Next, we started giving away kid-sized canes to children who came with their parents to our NFB National Conventions. Once blind kids got canes in their hands, they refused to give them up. We changed forever the educational practices concerning white canes for children.

In 1984, the NOPBC voted to sponsor a national Braille reading contest for children in kindergarten through high school. Soon parents and teachers started to complain that the youngest kids were reading so much, so fast, that they were running out of Braille books to read for the contest. We even heard suggestions that we should drop the contest categories for early readers! Of course we didn't do that. Instead, we pressured the Library of Congress to increase the number of Braille titles for children. We went to organizations such as National Braille Press, Seedlings, and the American Action Fund. We asked them to provide us with more Braille books for early readers, and they did. When the contest established a category with prizes for children with additional disabilities, the participation of schools for the blind skyrocketed. In the 1990s students who participated in the contest formed an important cohort of research subjects for the groundbreaking Braille literacy research conducted by Dr. Ruby Ryles.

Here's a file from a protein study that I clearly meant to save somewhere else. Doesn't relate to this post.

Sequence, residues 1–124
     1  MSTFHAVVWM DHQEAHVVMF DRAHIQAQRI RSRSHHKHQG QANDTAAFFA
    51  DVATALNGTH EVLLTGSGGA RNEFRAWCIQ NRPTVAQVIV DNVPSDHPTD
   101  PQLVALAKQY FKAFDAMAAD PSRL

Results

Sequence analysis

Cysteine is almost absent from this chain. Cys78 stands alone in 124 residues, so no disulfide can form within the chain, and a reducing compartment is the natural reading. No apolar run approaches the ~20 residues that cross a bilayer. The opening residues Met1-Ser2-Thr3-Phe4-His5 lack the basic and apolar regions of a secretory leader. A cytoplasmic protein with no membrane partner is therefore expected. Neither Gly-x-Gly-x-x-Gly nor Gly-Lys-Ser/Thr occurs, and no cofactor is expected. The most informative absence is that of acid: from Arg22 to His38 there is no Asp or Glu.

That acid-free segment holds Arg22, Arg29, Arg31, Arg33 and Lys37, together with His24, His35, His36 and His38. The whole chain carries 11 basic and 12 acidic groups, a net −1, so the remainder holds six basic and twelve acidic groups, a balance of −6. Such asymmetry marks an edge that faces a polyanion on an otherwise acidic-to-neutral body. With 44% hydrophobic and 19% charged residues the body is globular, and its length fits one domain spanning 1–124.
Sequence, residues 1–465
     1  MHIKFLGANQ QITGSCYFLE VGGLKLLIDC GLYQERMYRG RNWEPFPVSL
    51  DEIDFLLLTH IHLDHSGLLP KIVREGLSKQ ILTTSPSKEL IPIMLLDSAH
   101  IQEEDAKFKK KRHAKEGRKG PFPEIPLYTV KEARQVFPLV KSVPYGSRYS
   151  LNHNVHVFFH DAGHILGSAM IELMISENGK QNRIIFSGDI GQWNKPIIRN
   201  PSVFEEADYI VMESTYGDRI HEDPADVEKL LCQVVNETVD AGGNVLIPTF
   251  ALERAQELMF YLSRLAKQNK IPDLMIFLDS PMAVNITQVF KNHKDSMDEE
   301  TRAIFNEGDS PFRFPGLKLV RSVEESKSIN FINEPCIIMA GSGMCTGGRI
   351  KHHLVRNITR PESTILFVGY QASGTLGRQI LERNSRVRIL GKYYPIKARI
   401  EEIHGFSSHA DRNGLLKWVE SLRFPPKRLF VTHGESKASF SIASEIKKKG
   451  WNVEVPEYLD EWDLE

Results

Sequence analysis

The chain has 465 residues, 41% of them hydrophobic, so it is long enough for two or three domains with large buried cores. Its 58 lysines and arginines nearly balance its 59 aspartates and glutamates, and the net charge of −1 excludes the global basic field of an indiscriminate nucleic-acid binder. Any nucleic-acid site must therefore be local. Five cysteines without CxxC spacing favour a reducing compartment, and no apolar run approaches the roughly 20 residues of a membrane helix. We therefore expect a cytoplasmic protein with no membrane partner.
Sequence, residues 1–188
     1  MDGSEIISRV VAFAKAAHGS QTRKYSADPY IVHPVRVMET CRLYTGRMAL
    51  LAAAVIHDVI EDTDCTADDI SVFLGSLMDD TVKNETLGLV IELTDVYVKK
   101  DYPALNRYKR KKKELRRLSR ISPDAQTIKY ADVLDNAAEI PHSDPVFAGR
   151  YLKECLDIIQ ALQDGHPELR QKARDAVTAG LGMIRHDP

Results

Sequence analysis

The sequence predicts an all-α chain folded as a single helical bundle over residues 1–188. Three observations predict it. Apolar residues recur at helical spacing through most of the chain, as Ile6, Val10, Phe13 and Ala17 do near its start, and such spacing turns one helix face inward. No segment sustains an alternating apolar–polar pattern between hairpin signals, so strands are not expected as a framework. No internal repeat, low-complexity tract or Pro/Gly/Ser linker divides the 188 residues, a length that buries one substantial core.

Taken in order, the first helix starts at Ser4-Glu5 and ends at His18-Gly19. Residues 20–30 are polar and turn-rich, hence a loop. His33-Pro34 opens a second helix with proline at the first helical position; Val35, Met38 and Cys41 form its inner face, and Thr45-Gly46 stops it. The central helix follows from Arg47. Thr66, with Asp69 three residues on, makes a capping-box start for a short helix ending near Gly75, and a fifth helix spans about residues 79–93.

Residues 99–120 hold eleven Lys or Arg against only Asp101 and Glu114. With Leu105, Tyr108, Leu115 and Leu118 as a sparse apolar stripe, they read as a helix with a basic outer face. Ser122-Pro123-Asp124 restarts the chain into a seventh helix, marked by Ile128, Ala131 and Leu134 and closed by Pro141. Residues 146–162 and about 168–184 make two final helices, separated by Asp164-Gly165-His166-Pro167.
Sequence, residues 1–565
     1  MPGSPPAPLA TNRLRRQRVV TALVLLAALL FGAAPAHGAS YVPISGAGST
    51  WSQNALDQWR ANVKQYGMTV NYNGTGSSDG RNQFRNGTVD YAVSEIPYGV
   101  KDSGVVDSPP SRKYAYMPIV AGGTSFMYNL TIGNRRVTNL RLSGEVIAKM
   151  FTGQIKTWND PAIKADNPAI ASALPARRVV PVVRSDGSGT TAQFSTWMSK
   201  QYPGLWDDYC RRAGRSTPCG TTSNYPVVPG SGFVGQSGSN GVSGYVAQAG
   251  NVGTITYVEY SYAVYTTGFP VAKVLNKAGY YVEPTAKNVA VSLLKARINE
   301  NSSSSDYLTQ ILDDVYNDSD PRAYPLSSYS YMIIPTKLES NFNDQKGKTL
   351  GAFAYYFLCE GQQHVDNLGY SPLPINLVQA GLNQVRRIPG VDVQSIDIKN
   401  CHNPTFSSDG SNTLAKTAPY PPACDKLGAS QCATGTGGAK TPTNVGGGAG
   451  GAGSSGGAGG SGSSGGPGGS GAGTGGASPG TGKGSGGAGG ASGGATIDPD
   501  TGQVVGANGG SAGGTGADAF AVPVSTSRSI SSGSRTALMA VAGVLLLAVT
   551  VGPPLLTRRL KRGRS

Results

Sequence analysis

For almost thirty years, the NOPBC's Braille Readers Are Leaders contest proved that Braille-reading kids can be competitively literate with their sighted peers. After a hiatus, the contest is back with a new sponsor and an updated structure—and it is more vibrant and vital than ever. Thank you, Debbie Stein and Sandy Halverson!

Toward the end of the decade, in 1987, NOPBC parents in Minnesota were instrumental in helping the NFB affiliate in that state pass the first Braille bill. Many states followed, including Maryland. Ten years later, a Braille literacy provision was included in the reauthorization of IDEA, the Individuals with Disabilities Education Act. Despite legislative progress, the struggle to make Braille the default for blind and low-vision children still continues, but we have not given up.